Fire, Stitches, And Noxious Fumes All Went Into Making James Cameron's Aliens

One look at James Cameron's "Aliens" and it's clear that the blockbuster sci-fi sequel is a labor of love. Coming seven years after Ridley Scott's 1979 truckers-in-space horror masterpiece "Alien," Cameron's pluralized title promised more firepower and more monsters for thrill-seeking audiences.

Returning to the lead slot in the cast is Ripley, reprised by Sigourney Weaver as the lone survivor of space freighter Nostromo, which fell to a hostile extraterrestrial creature with acid for blood and a rude way of reproducing. The creatures, called xenomorphs in "Aliens," are back in the sequel, this time on exomoon LV-426 where an unfortunate colony of terraformers have lost contact with the Weyland-Yutani Corporation. Ripley, fresh out of a 57-year stasis, accompanies a heavily armed group of Colonial Marines to investigate the lost colony on LV-426. Among those Marines is the late Bill Paxton, after he'd been killed by The Terminator but still four years before he would meet Predator. Paxton is the beloved Pvt. Hudson whose unfiltered fear and grim wisecracks made him the most relatable of the combat-ready warriors. Speaking with Strange Shapes, Paxton looks back on the epic production of "Aliens," describing the oft-quoted "Drop ship" scene — the one where he quips, 'Hey, we're on the express elevator to hell, going down!' — and how the set's roof collapsed as they were setting up a shot. Later, the same set drew blood — from the director himself.

We had these kind of rollercoaster bars that come down and strap us in there. Jim was sitting where Sigourney was going to be sitting in about an hour. They were blocking out part of the action when the bar just slipped straight down and hit Jim right on the head, cutting him. He was bleeding and had to have some stitches."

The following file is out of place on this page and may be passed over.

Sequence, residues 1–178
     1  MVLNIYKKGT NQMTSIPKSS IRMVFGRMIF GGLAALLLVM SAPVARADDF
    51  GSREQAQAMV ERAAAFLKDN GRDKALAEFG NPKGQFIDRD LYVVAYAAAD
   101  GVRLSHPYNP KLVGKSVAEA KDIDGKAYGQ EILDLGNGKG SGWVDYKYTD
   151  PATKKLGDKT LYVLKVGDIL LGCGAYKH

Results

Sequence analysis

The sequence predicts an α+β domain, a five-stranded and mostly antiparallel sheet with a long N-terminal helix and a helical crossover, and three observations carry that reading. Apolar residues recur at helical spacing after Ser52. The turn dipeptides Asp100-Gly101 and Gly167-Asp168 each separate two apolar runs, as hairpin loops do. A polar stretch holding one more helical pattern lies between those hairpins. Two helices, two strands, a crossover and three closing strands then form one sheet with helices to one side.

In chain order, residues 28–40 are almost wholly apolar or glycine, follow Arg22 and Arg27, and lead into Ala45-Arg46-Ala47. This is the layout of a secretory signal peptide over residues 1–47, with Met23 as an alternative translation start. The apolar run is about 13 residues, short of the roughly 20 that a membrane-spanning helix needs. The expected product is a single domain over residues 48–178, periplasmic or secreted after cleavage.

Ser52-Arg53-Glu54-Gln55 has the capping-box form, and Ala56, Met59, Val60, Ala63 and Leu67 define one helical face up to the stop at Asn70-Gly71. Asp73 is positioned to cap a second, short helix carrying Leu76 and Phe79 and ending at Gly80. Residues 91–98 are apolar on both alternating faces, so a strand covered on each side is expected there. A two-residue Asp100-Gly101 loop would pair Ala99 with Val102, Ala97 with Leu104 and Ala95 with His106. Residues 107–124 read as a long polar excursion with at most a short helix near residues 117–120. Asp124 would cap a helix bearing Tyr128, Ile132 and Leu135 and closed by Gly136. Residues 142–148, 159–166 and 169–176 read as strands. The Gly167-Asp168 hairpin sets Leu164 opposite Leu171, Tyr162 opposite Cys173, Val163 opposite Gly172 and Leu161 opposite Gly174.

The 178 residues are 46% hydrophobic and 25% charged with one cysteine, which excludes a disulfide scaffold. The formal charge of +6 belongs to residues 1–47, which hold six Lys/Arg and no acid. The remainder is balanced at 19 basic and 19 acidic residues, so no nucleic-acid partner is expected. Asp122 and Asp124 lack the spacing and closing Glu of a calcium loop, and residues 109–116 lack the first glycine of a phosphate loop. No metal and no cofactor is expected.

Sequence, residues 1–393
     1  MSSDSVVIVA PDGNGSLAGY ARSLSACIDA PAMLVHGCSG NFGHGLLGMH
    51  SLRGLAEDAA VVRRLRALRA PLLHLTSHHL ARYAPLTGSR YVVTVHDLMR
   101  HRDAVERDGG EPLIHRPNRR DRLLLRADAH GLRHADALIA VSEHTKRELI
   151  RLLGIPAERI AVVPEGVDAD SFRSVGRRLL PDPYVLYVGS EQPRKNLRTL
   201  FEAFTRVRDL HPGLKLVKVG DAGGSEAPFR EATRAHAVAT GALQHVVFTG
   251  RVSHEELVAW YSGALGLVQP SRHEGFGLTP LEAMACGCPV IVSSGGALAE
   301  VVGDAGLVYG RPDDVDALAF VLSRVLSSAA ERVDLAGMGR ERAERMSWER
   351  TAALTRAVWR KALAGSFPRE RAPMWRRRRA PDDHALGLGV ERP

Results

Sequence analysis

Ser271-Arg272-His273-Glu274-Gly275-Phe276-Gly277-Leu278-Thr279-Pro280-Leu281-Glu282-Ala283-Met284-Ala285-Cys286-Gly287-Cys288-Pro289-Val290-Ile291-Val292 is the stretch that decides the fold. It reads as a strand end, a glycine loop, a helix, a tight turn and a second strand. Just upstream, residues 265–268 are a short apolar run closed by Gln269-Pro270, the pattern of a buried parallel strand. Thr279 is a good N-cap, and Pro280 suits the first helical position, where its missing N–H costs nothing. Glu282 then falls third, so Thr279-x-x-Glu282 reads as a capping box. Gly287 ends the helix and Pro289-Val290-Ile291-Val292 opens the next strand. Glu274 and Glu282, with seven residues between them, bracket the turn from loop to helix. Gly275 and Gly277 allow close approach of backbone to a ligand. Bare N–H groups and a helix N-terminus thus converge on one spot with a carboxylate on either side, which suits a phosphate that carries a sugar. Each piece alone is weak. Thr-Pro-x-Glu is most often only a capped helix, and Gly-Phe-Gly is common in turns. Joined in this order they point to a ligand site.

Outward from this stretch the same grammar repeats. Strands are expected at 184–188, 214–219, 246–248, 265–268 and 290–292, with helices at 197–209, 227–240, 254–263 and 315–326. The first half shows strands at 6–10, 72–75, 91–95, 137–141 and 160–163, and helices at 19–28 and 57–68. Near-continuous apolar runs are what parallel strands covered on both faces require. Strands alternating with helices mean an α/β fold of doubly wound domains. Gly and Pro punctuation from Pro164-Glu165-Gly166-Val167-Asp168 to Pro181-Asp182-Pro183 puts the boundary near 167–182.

What the h*** are we supposed to use, man? Harsh language?

The informative, underseen "Aliens" making-of documentary remembers a slew of on-set hazards in the name of making as realistic an action movie as possible. Weaver, as Ripley, wielded a functional flamethrower near real stunt actors; another fire-filled sequence nearly suffocated the cast.

"We were doing the sequence where Drake has just been hit and his flamethrower shoots an arc of butane right into the ship and it's total anarchy. Well, part of the set caught on fire, and it was this plastic stuff. Now, sometimes, we would improvise. There would be certain dialogue that we would have to say, and then the cameras would still be rolling and they would want us to keep playing the moment. So, I heard Jenette [Goldstein, who plays Vasquez] next to me go, 'I can't breathe!' and I thought, 'Wow, she's really going into the whole smoke thinking. That's good!' But the very next second, I took a breath and was like something had just —whoosh!— taken my breath away. We didn't pass out or anything, but they pulled us out of there and gave us oxygen. They let us go to lunch, and when we came back, it was supposed to be all fixed. On the very next take, the same exact thing happened. This time I really did need a little oxygen. I was hacking hard."

In the BTS documentary, actor Lance Henriksen (who plays science officer android Bishop in the film) chalks the hazards up as par for the course in a blockbuster with an $18 million dollar budget:

"Man, when you get a hundred people in a confined space, something's being overlooked. You're firing a flamethrower at plastic set designs, they're going to burst into flame. What's the surprise?"